Surfacing the long-lost tips from people you trust is the promise of newly launched startup HashTip.
HashTip is a social network and content aggregator that collects, stores, and categorizes the tips previously posted by your friends on other services. The company ultimately aims to simplify the decision-making process around products, services, and activities by appending extra social insight to the nuggets it surfaces.
“People who are confused and frustrated with numerous options and a deluge of information on products and services are looking for a platform that can simplify all three aspects of a decision-making process: narrowing down options, deeper research on selected options, and finding the best price for the chosen option,” HashTip co-founder and CEO Rohit Vashisht explained to VentureBeat. “Most people perform these steps offline and online, spending hours to make the final decision.”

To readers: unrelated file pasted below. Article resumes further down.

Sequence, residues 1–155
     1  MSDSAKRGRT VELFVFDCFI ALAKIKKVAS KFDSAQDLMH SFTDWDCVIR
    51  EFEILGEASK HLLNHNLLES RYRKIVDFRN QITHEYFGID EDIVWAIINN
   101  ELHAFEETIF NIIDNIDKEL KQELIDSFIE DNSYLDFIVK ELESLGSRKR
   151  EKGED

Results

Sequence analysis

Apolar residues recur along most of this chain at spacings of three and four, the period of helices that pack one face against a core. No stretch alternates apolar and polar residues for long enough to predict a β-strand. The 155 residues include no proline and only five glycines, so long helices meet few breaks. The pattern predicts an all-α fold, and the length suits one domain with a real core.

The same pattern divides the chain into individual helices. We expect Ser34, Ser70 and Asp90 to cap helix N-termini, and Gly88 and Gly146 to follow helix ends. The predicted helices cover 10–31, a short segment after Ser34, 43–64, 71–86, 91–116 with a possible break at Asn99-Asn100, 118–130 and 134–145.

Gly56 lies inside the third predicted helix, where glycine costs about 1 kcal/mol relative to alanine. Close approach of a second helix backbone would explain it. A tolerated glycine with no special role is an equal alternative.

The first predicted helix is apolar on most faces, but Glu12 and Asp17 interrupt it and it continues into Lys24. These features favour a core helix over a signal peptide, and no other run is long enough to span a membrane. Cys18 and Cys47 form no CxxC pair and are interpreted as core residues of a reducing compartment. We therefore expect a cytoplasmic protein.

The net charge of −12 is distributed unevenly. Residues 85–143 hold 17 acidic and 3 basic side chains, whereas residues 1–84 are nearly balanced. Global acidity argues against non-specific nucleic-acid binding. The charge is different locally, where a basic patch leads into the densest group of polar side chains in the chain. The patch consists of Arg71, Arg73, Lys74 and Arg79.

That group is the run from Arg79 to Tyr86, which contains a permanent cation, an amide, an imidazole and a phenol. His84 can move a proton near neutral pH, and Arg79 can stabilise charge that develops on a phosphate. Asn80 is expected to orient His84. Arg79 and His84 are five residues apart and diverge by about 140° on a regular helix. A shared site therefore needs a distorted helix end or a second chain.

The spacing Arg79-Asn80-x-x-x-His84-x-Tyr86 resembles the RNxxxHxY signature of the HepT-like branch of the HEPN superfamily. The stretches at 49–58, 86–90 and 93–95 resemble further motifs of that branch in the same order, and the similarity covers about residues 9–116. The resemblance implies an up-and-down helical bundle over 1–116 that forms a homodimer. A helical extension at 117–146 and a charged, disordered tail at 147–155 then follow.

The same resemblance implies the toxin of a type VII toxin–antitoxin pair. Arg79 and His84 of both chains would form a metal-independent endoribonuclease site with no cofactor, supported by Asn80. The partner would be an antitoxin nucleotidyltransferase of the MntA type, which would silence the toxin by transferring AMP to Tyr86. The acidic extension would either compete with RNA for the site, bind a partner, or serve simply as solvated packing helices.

The startup’s best asset is its ability to grab status updates on Twitter and Facebook with the #tip hashtag, pull them into HashTip, and then tack on all relevant review data from places like Amazon, Yelp, and Rotten Tomatoes. The company can also track down daily deals associated with tips to help members save as they revisit friends’ recommendations.
But HashTip, at first glance, looks overwrought and lacking in a real answer to the, “Okay, I’ve found a great tip, now what?” question. There’s far too many icons mushed together in a muddled interface for the first-timer to understand why she should come back.
That’s not to say HashTip is doomed to irrelevance. The young company will need to move away from the tired social network design to something a bit more novel, focus on mobile discovery, and do more to showcase the underlying technology should it wish to win over web folks.
Edison, New Jersey-based HashTip has raised $200,000 in seed funding.
HashTip is one of 80 companies chosen by VentureBeat to launch at the DEMO Spring 2012 event taking place this week in Silicon Valley. After we make our selections, the chosen companies pay a fee to present. Our coverage of them remains objective.
Photo credit: Shutterstock and Dean Takahashi
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